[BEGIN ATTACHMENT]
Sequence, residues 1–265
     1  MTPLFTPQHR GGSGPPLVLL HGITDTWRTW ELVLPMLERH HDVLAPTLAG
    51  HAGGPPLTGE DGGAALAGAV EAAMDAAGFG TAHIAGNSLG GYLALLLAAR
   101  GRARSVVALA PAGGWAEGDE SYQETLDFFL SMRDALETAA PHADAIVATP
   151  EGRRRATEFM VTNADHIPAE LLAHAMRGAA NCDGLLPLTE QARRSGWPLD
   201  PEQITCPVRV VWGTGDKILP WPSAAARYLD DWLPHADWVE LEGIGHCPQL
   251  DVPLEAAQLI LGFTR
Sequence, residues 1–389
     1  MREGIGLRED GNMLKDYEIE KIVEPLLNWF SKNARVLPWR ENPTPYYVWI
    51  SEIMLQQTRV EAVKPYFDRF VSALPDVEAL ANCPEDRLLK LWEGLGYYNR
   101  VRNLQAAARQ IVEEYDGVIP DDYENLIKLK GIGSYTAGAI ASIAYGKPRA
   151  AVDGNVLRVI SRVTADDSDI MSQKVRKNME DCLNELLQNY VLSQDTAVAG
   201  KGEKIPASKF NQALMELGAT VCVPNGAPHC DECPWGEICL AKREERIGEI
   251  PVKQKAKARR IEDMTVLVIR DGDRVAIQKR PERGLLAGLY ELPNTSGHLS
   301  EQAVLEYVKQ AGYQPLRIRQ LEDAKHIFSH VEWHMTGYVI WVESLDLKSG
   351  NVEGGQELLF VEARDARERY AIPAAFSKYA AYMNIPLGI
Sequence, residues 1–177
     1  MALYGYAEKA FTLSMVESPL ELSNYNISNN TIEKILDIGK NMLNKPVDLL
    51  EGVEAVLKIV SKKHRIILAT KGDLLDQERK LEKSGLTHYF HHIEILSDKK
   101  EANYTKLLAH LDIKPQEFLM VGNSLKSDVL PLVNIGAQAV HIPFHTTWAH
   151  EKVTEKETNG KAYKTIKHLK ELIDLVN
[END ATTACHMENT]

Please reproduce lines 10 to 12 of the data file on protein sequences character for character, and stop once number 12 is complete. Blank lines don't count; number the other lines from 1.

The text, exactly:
    51  SEIMLQQTRV EAVKPYFDRF VSALPDVEAL ANCPEDRLLK LWEGLGYYNR
   101  VRNLQAAARQ IVEEYDGVIP DDYENLIKLK GIGSYTAGAI ASIAYGKPRA
   151  AVDGNVLRVI SRVTADDSDI MSQKVRKNME DCLNELLQNY VLSQDTAVAG